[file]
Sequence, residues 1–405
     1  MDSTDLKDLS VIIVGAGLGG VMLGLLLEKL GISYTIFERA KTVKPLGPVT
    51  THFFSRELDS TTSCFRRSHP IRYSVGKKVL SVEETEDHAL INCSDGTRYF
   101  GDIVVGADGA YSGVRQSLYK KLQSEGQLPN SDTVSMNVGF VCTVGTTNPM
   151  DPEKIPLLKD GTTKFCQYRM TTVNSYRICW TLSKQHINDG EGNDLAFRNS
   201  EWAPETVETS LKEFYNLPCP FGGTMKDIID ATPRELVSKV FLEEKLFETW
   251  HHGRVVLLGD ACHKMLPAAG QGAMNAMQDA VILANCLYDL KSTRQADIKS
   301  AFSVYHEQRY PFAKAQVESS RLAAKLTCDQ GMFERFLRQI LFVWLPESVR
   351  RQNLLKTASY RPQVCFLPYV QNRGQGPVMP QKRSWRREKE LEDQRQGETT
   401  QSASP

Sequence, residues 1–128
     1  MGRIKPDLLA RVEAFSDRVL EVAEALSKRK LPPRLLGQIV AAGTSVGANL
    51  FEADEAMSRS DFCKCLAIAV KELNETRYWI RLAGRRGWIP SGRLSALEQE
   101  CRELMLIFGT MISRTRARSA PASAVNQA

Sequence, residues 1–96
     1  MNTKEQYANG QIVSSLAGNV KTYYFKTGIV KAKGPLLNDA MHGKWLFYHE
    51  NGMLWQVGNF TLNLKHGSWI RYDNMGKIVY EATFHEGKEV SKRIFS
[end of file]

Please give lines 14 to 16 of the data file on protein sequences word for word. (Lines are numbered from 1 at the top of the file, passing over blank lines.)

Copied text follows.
   101  CRELMLIFGT MISRTRARSA PASAVNQA

Sequence, residues 1–96
     1  MNTKEQYANG QIVSSLAGNV KTYYFKTGIV KAKGPLLNDA MHGKWLFYHE